jpsdad Offline

Registered: 05/20/18
Posts: 419
Loc: Texas
Exactly. To everyone that responded. The larger fish are still there but the bottom of the food chain seem to have been decimated. Dye has its place but this is where it can lead when its overdone.

#513108 - 10/22/19 09:45 PM Re: Pond Dye Anecdote [Re: jpsdad]
snrub Offline

Registered: 10/05/13
Posts: 5538
Loc: SE Kansas
At the get together at my place Lusk talked about using dye to help control FA. My recollection was that it should only be used very early in the season, if fish production is the goal. By using it very early before the water is warm enough to get a good planktonic algae bloom it can shade out the FA which starts to grow in cold water very early on the bottom. That is usually late February early March at my latitude. He said if you use the dye later in the season it will also shade out the planktonic algae bloom which is the bottom of the food chain to jump start everything up the food chain.

As I recall he said treat early then let the dye dissipate naturally and not continue to add dye later in the season. Early season single treatment only. For good fish production. I suppose if a person is more inclined for aesthetics rather than fish production then using it later in the season might have other benefits.

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#513114 - 10/22/19 11:03 PM Re: Pond Dye Anecdote [Re: jpsdad]
4CornersPuddle Offline

Registered: 01/24/11
Posts: 317
Loc: southwest Colorado
+1 what snrub said. I recall reading some discussion here on the forum in the past that corroborates what John is saying.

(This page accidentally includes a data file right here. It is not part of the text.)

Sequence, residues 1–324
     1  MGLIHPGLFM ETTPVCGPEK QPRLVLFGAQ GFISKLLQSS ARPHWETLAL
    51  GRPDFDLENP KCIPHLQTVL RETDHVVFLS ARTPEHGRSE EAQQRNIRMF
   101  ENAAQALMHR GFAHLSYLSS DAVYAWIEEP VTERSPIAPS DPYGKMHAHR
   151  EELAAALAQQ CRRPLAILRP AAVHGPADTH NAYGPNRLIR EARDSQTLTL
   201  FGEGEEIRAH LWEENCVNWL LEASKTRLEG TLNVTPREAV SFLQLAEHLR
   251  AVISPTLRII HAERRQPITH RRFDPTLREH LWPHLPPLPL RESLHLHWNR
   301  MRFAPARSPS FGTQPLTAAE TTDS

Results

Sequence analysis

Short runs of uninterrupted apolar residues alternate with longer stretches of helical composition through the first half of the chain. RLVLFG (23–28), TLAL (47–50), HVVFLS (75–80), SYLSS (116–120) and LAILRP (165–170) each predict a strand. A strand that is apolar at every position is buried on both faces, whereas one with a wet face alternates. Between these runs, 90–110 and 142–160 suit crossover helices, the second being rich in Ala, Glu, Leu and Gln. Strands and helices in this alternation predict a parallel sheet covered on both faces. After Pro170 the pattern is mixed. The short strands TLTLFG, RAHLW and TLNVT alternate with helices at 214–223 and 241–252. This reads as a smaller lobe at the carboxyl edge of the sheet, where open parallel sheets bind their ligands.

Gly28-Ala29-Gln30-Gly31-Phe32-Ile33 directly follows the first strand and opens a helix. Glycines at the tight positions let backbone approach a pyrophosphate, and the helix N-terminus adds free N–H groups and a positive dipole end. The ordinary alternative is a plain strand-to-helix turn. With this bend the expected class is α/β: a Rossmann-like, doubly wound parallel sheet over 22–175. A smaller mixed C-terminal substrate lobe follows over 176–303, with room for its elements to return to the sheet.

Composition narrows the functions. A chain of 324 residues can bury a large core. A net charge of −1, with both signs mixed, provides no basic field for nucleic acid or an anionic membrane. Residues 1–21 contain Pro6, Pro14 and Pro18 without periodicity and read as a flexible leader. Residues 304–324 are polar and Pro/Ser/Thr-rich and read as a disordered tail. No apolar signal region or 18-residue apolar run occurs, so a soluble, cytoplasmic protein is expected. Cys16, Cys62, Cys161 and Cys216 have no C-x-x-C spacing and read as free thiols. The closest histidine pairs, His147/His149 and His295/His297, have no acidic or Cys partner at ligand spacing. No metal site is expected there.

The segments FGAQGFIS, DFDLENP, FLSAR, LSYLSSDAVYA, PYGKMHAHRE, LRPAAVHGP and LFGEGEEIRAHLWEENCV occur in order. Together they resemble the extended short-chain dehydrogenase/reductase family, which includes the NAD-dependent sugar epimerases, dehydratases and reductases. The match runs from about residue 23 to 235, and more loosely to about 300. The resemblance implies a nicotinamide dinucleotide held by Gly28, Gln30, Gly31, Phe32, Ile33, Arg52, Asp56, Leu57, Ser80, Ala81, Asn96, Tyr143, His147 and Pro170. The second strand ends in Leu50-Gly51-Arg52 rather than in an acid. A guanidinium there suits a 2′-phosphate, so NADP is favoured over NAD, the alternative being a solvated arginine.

#513162 - 10/23/19 06:18 PM Re: Pond Dye Anecdote [Re: jpsdad]
jpsdad Offline

Registered: 05/20/18
Posts: 419
Loc: Texas
Makes perfect sense John and 4C. By the time the FA floats its done for the year and to late to work anyway. If only I could get the pond manager to ...

Edited by jpsdad (10/23/19 06:19 PM)

#513168 - 10/23/19 08:39 PM Re: Pond Dye Anecdote [Re: jpsdad]
Snipe Offline

Registered: 10/26/18
Posts: 761
Loc: NW Kansas
Glad I seen this.. I was considering dye next spring. I believe I will steer clear.
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#513169 - 10/23/19 08:51 PM Re: Pond Dye Anecdote [Re: Snipe]
Bill D. Offline

Registered: 10/19/14
Posts: 6055
Loc: Boone County Illinois
Originally Posted By: Snipe
Glad I seen this.. I was considering dye next spring. I believe I will steer clear.

We have a really bad FA problem but it seems the cures may be worse than the disease. Pond dye kills the food chain. Cutrine and other copper sulfate solutions kill the food chain. My bride and I are not getting any younger and mechanical removal of FA is a real chore for us. Does anybody know the impact on the food chain an alum treatment to tie up the phosphorus has?

You'll never know what ya can catch unless you wet a line!

#513172 - 10/23/19 09:34 PM Re: Pond Dye Anecdote [Re: jpsdad]
Snipe Offline

Registered: 10/26/18
Posts: 761
Loc: NW Kansas
If you tie up Phos., there will be a delay in bloom and I'm guessing it will be slow. I've never been in complete understanding of this either, but I would think some plants would suffer some from a lack of Phos as well?